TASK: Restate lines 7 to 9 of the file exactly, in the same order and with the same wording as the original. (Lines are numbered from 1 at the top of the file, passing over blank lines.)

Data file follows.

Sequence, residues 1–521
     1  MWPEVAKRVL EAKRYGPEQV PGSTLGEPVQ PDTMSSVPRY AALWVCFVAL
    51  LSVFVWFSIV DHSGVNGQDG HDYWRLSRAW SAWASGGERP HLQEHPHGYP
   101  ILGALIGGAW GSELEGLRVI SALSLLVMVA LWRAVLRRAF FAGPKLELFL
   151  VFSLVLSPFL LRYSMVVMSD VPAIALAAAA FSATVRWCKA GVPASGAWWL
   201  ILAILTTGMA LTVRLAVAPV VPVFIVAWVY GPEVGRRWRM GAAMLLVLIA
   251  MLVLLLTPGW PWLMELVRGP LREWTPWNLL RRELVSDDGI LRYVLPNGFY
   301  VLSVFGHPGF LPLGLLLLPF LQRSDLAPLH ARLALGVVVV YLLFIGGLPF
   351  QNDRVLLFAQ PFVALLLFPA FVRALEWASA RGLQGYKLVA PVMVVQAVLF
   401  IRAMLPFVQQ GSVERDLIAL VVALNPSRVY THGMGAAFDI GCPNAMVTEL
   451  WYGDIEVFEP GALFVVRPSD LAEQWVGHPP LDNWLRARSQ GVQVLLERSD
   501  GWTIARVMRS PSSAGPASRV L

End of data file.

   251  MLVLLLTPGW PWLMELVRGP LREWTPWNLL RRELVSDDGI LRYVLPNGFY
   301  VLSVFGHPGF LPLGLLLLPF LQRSDLAPLH ARLALGVVVV YLLFIGGLPF
   351  QNDRVLLFAQ PFVALLLFPA FVRALEWASA RGLQGYKLVA PVMVVQAVLF